TORONTO, Sept 15 (Reuters) - Shares of Molson Coors Brewing Co surged on Monday on speculation that the company may emerge as a winner if the world’s largest brewer, Anheuser-Busch InBev, moves to acquire rival SABMiller .
If Anheuser-Busch does successfully move on SABMiller, analysts say, SABMiller would be forced to sell its 58 percent stake in MillerCoors to win regulatory approvals.
MillerCoors is a joint-venture formed in 2008 by Molson Coors and SABMiller to help them compete against AB InBev in the United States. The venture brews and markets beers such as Coors Light, Molson Canadian and Miller Lite on behalf of the two companies in the United States.
Analysts speculate that Molson Coors would be very eager to consolidate its stake in the venture and that any such deal would have the potential to boost Molson Coors earnings.
“Obviously, there is a long way to go before this situation gets to the point where Molson Coors will benefit,” said Gordon Haskett Research analyst Don Bilson in a note to clients. “But this party finally looks like it is getting started and we like the prospects for Molson Coors.”
Shares of Molson Coors were up 7.3 percent at $77.06 on the New York Stock Exchange in afternoon trading on Monday.
The latest round of speculation about a move by AB InBev on SABMiller, the world’s No. 2 brewer, was sparked by news that Dutch brewer Heineken had rebuffed a takeover bid from SABMiller.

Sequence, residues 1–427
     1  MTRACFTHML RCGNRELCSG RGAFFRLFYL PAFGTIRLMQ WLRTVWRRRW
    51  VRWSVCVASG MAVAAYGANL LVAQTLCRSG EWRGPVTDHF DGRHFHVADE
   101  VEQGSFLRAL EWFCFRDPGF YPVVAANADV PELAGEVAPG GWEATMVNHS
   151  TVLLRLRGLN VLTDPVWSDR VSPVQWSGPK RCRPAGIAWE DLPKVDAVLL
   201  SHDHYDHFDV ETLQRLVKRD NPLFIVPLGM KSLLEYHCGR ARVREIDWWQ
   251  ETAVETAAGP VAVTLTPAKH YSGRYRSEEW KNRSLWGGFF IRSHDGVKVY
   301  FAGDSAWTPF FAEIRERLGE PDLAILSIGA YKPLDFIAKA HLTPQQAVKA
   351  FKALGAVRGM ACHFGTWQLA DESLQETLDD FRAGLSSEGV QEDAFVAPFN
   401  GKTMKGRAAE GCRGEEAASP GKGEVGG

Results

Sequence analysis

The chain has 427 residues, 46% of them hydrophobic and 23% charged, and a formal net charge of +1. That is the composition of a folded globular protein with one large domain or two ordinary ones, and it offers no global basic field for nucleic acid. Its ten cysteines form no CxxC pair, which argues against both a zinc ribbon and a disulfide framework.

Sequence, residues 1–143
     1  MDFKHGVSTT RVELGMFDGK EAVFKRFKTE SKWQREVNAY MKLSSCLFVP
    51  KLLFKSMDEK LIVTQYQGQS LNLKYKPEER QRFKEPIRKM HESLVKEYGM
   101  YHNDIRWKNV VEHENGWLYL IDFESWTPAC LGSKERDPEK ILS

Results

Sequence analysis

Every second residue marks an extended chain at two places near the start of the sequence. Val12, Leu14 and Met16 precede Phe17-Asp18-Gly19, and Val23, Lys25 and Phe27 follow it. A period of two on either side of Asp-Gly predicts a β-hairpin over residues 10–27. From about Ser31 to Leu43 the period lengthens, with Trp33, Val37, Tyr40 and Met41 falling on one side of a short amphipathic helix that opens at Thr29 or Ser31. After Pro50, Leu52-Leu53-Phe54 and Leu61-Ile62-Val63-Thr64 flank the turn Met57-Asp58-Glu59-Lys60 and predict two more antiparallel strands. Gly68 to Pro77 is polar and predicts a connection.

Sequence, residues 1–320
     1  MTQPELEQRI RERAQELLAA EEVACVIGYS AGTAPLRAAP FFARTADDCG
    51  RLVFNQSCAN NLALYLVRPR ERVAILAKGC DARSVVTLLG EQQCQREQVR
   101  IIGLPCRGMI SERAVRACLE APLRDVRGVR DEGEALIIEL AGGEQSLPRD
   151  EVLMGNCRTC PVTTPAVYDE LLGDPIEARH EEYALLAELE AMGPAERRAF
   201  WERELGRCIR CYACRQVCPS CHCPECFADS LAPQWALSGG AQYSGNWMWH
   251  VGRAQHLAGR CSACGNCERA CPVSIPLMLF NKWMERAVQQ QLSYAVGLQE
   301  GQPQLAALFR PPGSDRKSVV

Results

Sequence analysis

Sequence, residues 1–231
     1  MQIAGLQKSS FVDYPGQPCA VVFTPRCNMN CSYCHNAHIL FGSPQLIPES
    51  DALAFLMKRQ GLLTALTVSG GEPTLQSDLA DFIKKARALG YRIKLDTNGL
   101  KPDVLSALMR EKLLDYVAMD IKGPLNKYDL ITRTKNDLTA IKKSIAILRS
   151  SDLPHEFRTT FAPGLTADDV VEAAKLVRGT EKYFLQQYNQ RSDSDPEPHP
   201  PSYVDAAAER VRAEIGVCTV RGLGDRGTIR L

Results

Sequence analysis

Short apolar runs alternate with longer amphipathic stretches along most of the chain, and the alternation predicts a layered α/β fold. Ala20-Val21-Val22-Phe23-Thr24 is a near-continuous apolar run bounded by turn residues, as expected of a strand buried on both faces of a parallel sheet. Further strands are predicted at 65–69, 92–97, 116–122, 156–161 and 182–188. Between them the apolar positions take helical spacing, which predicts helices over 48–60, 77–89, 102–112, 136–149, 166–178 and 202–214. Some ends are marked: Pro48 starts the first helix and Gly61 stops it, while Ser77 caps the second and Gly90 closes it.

Several analysts saw SABMiller’s move on Heineken as either an attempt to head off a bid from AB InBev or a possible means for SABMiller to force its larger rival into action. Speculation about a AB InBev acquisition of SABMiller has been rife for many years.
ISI Group analyst Robert Ottenstein, in a detailed analysis of a potential AB InBev and SABMiller deal a few months ago, said that Molson Coors would emerge as the “clear winner” in the event of a transaction.
He said that a transaction at 10 times earnings before interest, taxes, depreciation and amortization would be highly accretive for Molson Coors, even if it has to issue equity to fund a portion of the purchase price for the MillerCoors joint venture.
While Credit Suisse analyst Sanjeet Aujla speculated that Heineken’s rejection could prompt SABMiller to turn its sights to Molson Coors, others said that such a deal would not be easy.
“We understand that the terms of the MillerCoors agreement of June 2008 prevent SABMiller from even approaching Molson Coors to discuss a combination until June 2018,” said Ottenstein in a note to clients on Monday. (Reporting by Euan Rocha; Editing by Steve Orlofsky)